Mr. Western now proceeded to search the whole house, but to as little purpose as he had disturbed poor Mrs. Waters. He then returned disconsolate into the kitchen, where he found Jones in the custody of his servants.  10
  This violent uproar had raised all the people in the house, though it was yet scarcely daylight. Among these was a grave gentleman, who had the honour to be in the commission of the peace for the county of Worcester. Of which Mr. Western was no sooner informed than he offered to lay his complaint before him. The justice declined executing his office, as he said he had no clerk present, nor no book about justice business; and that he could not carry all the law in his head about stealing away daughters, and such sort of things.  11
  Here Mr. Fitzpatrick offered to lend him his assistance, informing the company that he had been himself bred to the law. (And indeed he had served three years as clerk to an attorney in the north of Ireland, when, chusing a genteeler walk in life, he quitted his master, came over to England, and set up that business which requires no apprenticeship, namely, that of a gentleman, in which he had succeeded, as hath been already partly mentioned.)  12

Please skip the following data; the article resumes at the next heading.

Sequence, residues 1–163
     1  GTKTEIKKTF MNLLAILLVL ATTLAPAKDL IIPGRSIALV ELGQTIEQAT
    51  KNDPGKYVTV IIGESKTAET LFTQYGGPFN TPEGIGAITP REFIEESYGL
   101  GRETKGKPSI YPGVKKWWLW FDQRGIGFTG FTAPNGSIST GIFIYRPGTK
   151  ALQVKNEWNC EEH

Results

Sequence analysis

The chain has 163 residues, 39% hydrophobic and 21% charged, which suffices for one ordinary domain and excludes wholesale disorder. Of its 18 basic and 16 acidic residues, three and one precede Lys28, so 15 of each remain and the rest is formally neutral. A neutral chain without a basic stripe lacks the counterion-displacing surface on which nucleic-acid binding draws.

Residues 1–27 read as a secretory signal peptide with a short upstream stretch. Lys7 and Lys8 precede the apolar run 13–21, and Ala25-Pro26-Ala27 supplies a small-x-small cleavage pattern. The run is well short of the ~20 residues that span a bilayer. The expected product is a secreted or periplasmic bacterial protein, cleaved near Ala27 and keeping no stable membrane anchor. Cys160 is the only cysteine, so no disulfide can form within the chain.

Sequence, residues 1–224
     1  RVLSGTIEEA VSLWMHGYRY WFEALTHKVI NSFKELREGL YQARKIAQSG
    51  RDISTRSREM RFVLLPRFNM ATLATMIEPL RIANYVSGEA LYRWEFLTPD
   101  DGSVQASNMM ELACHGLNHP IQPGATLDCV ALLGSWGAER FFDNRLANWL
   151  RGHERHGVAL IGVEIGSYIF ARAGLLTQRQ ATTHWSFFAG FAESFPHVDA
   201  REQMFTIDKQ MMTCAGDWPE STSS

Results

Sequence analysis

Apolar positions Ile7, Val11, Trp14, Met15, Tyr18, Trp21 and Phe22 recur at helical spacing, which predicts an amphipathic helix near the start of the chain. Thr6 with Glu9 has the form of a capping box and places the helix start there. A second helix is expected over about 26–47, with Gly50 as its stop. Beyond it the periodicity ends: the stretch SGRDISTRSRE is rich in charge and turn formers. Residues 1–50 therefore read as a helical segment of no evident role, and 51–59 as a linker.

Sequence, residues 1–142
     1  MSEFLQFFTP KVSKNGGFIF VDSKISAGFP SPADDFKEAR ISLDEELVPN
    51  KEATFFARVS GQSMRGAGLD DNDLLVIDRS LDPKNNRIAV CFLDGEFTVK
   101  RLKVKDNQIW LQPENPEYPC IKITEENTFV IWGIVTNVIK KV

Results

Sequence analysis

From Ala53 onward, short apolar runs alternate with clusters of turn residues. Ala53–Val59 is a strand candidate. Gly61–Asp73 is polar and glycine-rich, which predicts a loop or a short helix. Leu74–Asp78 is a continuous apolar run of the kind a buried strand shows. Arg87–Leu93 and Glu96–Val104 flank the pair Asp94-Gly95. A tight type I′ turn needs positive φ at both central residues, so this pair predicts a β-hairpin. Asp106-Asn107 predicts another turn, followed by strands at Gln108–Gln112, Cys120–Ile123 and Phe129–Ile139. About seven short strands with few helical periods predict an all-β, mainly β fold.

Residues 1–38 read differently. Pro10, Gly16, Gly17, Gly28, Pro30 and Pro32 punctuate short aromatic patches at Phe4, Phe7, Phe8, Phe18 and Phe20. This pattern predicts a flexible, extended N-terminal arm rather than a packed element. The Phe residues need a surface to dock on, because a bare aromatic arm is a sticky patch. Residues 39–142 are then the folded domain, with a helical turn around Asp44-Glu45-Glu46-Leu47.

Mr. Fitzpatrick declared that the law concerning daughters was out of the present case; that stealing a muff was undoubtedly felony, and the goods being found upon the person, were sufficient evidence of the fact.  13
  The magistrate, upon the encouragement of so learned a coadjutor, and upon the violent intercession of the squire, was at length prevailed upon to seat himself in the chair of justice, where being placed, upon viewing the muff which Jones still held in his hand, and upon the parson’s swearing it to be the property of Mr. Western, he desired Mr. Fitzpatrick to draw up a commitment, which he said he would sign.  14
  Jones now desired to be heard, which was at last, with difficulty, granted him. He then produced the evidence of Mr. Partridge, as to the finding it; but, what was still more, Susan deposed that Sophia herself had delivered the muff to her, and had ordered her to convey it into the chamber where Mr. Jones had found it.  15